Feeds

Telcos, mobile pushers muck in to trial 'clever' Wi-Fi

Hotspot 2.0: We don't need no skeenkin' logon

5 things you didn’t know about cloud backup

Fourteen of the largest telecommunications companies around the world have participated in successful trials of Hotspot 2.0, which made it easier for them to use Wi-Fi.

During the trials, users received devices which can automatically attach to Wi-Fi when its available, and present credentials without having to bother the user for a password. But the real interest is from network operators, who get to use Hotspot 2.0 as though it were a cellular base station while also preventing those who haven't paid from latching on to it.

The trials, which were coordinated by the Wireless Broadband Alliance, included testing by AT&T, DOCOMO, China Mobile and BT, among others. Mobile kit vendors, including LG and Intel, also proved their devices were compatible with the Next Generation Hotspots (NGHs, apparently).

But it's not just hotspots and devices that one needs. Three clearing houses (Aicent, BSG & TNS) got involved to verify the credentials, and network vendors including Cisco, Aruba and Ruckus demonstrated interoperability.

Devices connecting to an NGH can use the cellular SIM, or other secure element, or even credentials stored on a hard drive, to automatically log on to a hotspot when it's nearby, so users don't have to manually connect and airports can be stripped of the brightly-coloured service marks which so consistently remind one how great connectivity would be if only one had signed up with a different provider.

Companies such as Devicescape can already bodge that kind of connectivity, using specially-formatted DNS queries to retrieve logon credentials, but an industry standard is obviously preferable. The process isn't technically difficult, but getting a standard working requires lots of integration, which is why the trials have been so critical.

The Wireless Broadband Alliance reckons that means commercial deployments later this year. ®

Secure remote control for conventional and virtual desktops

More from The Register

next story
6 Obvious Reasons Why Facebook Will Ban This Article (Thank God)
Clampdown on clickbait ... and El Reg is OK with this
So, Apple won't sell cheap kit? Prepare the iOS garden wall WRECKING BALL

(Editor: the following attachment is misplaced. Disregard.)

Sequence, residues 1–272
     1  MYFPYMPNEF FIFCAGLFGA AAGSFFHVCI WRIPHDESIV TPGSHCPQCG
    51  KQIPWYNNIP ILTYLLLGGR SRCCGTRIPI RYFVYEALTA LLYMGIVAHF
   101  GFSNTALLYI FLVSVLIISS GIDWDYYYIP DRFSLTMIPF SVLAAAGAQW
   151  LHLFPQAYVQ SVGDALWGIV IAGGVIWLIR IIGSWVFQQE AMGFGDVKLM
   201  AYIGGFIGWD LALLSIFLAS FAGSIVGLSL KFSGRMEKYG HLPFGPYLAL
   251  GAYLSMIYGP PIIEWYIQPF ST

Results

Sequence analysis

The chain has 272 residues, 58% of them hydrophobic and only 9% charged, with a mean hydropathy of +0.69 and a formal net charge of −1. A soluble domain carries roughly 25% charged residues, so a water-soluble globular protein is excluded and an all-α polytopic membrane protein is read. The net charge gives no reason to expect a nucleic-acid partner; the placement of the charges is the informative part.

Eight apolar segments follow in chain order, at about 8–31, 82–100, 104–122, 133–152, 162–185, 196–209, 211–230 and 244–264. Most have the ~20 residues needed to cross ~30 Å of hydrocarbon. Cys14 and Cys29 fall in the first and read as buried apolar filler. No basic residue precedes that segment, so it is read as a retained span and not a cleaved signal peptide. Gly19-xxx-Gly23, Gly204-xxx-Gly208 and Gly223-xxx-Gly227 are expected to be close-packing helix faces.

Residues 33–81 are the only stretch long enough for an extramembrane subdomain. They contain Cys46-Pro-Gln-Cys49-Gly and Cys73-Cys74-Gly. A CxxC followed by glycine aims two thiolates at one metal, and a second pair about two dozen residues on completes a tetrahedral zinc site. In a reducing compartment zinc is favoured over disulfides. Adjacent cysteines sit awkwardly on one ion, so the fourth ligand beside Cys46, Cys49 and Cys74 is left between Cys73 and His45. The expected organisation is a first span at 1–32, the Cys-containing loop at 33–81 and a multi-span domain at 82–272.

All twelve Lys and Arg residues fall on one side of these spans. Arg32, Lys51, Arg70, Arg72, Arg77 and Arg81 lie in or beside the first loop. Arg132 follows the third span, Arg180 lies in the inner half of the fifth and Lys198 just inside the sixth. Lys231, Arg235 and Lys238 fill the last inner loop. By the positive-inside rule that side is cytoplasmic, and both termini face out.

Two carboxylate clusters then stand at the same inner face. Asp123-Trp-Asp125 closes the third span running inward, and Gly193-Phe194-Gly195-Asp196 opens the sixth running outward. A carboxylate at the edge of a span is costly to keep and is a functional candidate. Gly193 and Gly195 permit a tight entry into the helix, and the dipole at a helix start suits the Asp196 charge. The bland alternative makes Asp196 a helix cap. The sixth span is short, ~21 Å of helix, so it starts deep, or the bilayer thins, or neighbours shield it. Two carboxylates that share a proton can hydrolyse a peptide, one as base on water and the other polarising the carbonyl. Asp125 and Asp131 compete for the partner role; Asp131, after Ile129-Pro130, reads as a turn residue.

It can throw the low cost race if it looks to the cloud
EE fails to apologise for HUGE T-Mobile outage that hit Brits on Friday
Customer: 'Please change your name to occasionally somewhere'
Time Warner Cable customers SQUEAL as US network goes offline
A rude awakening: North Americans greeted with outage drama
We need less U.S. in our WWW – Euro digital chief Steelie Neelie
EC moves to shift status quo at Internet Governance Forum
BT customers face broadband and landline price hikes
Poor punters won't be affected, telecoms giant claims
prev story

Whitepapers

Endpoint data privacy in the cloud is easier than you think
Innovations in encryption and storage resolve issues of data privacy and key requirements for companies to look for in a solution.
Implementing global e-invoicing with guaranteed legal certainty
Explaining the role local tax compliance plays in successful supply chain management and e-business and how leading global brands are addressing this.
Advanced data protection for your virtualized environments
Find a natural fit for optimizing protection for the often resource-constrained data protection process found in virtual environments.
Boost IT visibility and business value
How building a great service catalog relieves pressure points and demonstrates the value of IT service management.
Next gen security for virtualised datacentres
Legacy security solutions are inefficient due to the architectural differences between physical and virtual environments.